4. Cool the bread in the pan for about 10 minutes, as this will make it easier to dislodge the bread. If you are using a Bundt pan, carefully run a thin knife around the edge of the bread to loosen it, and then turn it out onto a plate; if you’re using a loaf pan, just loosen the bread, but leave it in the pan. Immediately brush the caramel all over the bread, letting it soak in and drizzle down the sides. After at least 10 minutes, you can serve it warm. Or, cool it down completely and refrigerate. Powdered sugar may be used instead of the caramel; in that case, sift the sugar over the cooled cake just before serving.

Tips:

My new favorite pan
Get a gorgeous Bundt pan if you want to change up your cake game without too much effort. I mean, look at this cake. It doesn’t need frosting to make a statement. In fact, the frosting would hide its intense beauty. This particular one is called Nordic Ware Heritage and is the 6-cup size, which is relatively small and half the size of a regular (10 to 12-cup pan).

One thing you have to be sure to do when working with a fancy pants pan like this is to oil and flour it properly. Spray oil or butter work fine. BUT be sure work the oil into all of those little fissures, or else you will have a dickens of a time removing that cake.

What I do is spray oil all over the inside of the pan and then run a pastry brush up and down each ridge. Don't overdo it with the oil - you don't want it to puddle in the pan - but be sure that it completely coats the surface. Then, sprinkle a tablespoon or two of whatever flour you are using inside the pan. Rotate and shake the pan to cover every scintilla of the surface with flour, and the knock out the excess by tapping it with your hand.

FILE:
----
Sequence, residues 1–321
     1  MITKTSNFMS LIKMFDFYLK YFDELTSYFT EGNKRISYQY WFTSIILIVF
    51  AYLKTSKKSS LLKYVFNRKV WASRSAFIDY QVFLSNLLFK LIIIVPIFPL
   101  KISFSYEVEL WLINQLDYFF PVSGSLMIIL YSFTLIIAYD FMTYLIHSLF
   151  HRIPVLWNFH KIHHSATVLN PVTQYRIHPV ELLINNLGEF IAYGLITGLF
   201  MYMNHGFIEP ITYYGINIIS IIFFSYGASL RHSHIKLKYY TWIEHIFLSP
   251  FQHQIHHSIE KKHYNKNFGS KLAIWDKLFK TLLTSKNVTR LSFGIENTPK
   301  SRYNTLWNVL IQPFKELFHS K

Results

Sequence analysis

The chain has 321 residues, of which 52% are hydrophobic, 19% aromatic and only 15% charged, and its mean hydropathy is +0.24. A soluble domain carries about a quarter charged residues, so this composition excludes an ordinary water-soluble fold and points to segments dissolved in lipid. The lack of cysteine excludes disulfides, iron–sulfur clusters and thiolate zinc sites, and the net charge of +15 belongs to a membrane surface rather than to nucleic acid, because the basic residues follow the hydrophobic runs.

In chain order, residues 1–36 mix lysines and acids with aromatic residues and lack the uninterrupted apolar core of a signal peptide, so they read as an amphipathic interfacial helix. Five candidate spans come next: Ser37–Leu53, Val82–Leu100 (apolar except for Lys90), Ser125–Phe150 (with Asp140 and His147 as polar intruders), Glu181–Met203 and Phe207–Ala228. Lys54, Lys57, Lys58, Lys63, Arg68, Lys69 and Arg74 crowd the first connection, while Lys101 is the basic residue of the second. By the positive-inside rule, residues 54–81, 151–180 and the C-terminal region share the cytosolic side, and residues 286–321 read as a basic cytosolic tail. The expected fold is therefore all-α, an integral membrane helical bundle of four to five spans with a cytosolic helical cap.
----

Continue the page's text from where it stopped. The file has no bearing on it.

3 comments:

  1. This looks amaaaaaaaaaaazing! I'm going to have to figure out how to do it gluten-free, but I've never let that stop me yet.

    Also, tonight I was cranky enough from chronic pain to decide I wanted to make your Shanghainese fried green onion noodles - and *good lord* you're right, they are sooooooooooooo amazingly good. It took half an hour to eat a small bowl, thanks to the braces, and I used rice noodles that were a close match to soba, but it was so worth brushing all the onions out of my braces later! I especially love that it uses mingyou - if only because very few of my contemporaries even know of the concept, but it was something my grandmother used to do: make shallot oil, with some ginger slices thrown in, and that would be our cooking oil. My mother keeps up the tradition and so do I, but I honestly thought for a long time that it was just my grandmother who did that. I was *thrilled* a few months ago to come across mingyou in your blog!

    (I also made the steamed milk custard! I won't put the ginger directly in the milk next time as I think it curdled it a bit, but it was sooooo good. Shunde memories!)

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    1. I love your comments. They are always nothing less than a pure delight in food. Thanks, Shuku!

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  2. Looking forward to whatever culinary adventure you have next, Carolyn. I have to tell you that I found fresh Taiwanese sausages at my regular grocery store too - and I made the Kuhio Bar cabbage and sausage stir fry, and it was glooooorious (tonight is the second time I made it too...with tons of steamed rice as directed!) I will try it with lapcheong next time - the fresh sausages are easier to eat right now, less painful to chew. I still haven't managed to get a new wok yet, maybe next week, but by golly, apparently you CAN get a good dose of 'wok hei' out of an old battered frying pan!